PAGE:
Commentary: Farm workers need raise for OT

California's multibillion-dollar farm industry would be a shadow of itself without seasonal and migrant farm workers. In the course of any given year, some 400,000 to 600,000 such workers pick produce and engage in other farm chores across the state.

If you savored some California-grown fruit with your breakfast this morning, it probably got there because of a migrant farm worker. Delicacies such as strawberries can't be harvested by machine. It takes nimble hands, and lots of them at harvest time, to pick many fruits and vegetables.

Farm laborers have long been California's most easily exploited work force. According to a 2005 survey of 2,344 farm laborers by UC Davis, 96 percent spoke Spanish. Only one in 10 spoke English. Three-fourths of those surveyed said they earned less than $15,000 a year. More than half were undocumented — illegal immigrants.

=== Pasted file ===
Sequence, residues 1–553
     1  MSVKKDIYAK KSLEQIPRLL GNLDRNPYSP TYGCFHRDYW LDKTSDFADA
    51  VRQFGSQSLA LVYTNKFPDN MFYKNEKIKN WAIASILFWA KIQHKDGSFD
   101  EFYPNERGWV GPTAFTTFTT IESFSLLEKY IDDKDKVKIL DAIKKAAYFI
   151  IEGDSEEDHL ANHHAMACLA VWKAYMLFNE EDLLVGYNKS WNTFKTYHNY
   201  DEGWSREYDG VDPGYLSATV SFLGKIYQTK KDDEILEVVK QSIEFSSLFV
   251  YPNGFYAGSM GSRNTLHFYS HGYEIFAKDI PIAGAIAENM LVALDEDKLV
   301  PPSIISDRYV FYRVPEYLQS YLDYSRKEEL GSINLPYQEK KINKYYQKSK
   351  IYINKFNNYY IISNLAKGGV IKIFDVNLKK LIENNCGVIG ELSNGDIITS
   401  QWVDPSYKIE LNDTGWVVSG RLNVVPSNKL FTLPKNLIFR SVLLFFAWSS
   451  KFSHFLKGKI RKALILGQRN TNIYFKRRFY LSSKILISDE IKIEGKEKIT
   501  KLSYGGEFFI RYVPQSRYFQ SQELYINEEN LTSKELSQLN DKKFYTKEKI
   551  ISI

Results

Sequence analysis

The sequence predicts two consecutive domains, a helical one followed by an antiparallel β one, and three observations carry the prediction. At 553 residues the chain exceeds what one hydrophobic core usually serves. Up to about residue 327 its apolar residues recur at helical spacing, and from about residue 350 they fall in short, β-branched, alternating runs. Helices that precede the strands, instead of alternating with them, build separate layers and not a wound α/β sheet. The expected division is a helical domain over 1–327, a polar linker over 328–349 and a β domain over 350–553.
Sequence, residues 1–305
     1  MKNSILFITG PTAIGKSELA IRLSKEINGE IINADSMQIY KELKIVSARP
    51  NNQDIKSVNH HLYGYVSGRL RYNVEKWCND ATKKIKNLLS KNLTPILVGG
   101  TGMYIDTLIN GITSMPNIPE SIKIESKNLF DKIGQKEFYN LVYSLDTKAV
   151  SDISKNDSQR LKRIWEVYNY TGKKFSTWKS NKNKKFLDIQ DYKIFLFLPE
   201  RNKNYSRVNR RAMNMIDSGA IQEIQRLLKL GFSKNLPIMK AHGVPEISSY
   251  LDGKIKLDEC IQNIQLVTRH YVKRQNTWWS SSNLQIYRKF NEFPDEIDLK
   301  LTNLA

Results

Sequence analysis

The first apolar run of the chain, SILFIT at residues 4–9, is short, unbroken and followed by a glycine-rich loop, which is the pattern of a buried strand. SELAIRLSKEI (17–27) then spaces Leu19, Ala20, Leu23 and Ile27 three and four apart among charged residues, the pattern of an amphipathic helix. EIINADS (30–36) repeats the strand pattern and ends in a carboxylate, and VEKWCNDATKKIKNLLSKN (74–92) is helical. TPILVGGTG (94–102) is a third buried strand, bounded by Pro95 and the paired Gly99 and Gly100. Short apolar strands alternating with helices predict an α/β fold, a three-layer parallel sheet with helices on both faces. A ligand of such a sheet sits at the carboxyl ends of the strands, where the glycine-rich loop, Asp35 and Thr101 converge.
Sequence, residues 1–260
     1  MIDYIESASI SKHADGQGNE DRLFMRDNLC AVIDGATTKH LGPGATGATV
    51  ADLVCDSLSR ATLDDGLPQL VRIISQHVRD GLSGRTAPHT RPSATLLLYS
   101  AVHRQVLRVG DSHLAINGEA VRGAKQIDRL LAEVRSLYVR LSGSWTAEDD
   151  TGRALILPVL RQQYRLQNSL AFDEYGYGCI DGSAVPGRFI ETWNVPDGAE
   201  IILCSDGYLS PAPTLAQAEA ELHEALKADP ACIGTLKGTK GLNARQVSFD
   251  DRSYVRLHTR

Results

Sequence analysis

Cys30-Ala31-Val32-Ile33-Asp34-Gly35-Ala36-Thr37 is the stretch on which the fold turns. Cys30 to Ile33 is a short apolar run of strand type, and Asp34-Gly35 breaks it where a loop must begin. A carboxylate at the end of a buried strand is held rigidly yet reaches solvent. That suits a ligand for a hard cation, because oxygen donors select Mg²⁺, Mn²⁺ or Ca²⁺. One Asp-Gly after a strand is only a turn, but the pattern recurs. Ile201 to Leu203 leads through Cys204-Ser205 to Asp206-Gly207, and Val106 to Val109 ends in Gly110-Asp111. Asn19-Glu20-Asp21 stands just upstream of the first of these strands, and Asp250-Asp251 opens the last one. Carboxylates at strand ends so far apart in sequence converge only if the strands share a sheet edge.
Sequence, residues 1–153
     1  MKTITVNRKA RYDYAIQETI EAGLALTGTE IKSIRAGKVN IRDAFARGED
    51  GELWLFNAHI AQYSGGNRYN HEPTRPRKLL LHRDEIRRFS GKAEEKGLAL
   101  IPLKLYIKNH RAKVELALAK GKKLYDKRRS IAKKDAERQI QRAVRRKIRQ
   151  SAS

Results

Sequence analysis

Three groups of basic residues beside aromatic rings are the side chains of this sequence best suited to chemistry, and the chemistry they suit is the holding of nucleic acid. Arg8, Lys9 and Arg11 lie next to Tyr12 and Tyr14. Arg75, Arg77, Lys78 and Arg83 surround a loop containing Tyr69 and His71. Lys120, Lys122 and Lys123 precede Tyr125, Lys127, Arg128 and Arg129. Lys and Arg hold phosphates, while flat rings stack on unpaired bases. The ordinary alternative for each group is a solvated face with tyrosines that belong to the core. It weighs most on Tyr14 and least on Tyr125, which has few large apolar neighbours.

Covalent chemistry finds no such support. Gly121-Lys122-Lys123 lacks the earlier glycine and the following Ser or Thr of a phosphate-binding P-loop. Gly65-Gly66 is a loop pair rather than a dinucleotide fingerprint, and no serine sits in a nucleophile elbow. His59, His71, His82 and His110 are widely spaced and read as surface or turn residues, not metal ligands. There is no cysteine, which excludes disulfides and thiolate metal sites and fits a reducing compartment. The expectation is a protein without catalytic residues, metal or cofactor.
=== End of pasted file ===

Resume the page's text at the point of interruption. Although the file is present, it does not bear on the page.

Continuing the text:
It is against this backdrop that Californians, and Gov. Arnold Schwarzenegger, should consider a bill that would require normal overtime pay to farmworkers for the first time.

Such laborers are the only hourly employees in California who are exempted from state labor laws requiring overtime after eight hours of work in a standard 40-hour workweek. Current law requires overtime for farm laborers only after they've worked 10 hours in a day or 60 hours in a week.

A bill on Schwarzenegger's desk — Senate Bill 1121, by Sen. Dean Florez, D-Shafter — would end that exemption, which was written into law in 1941.

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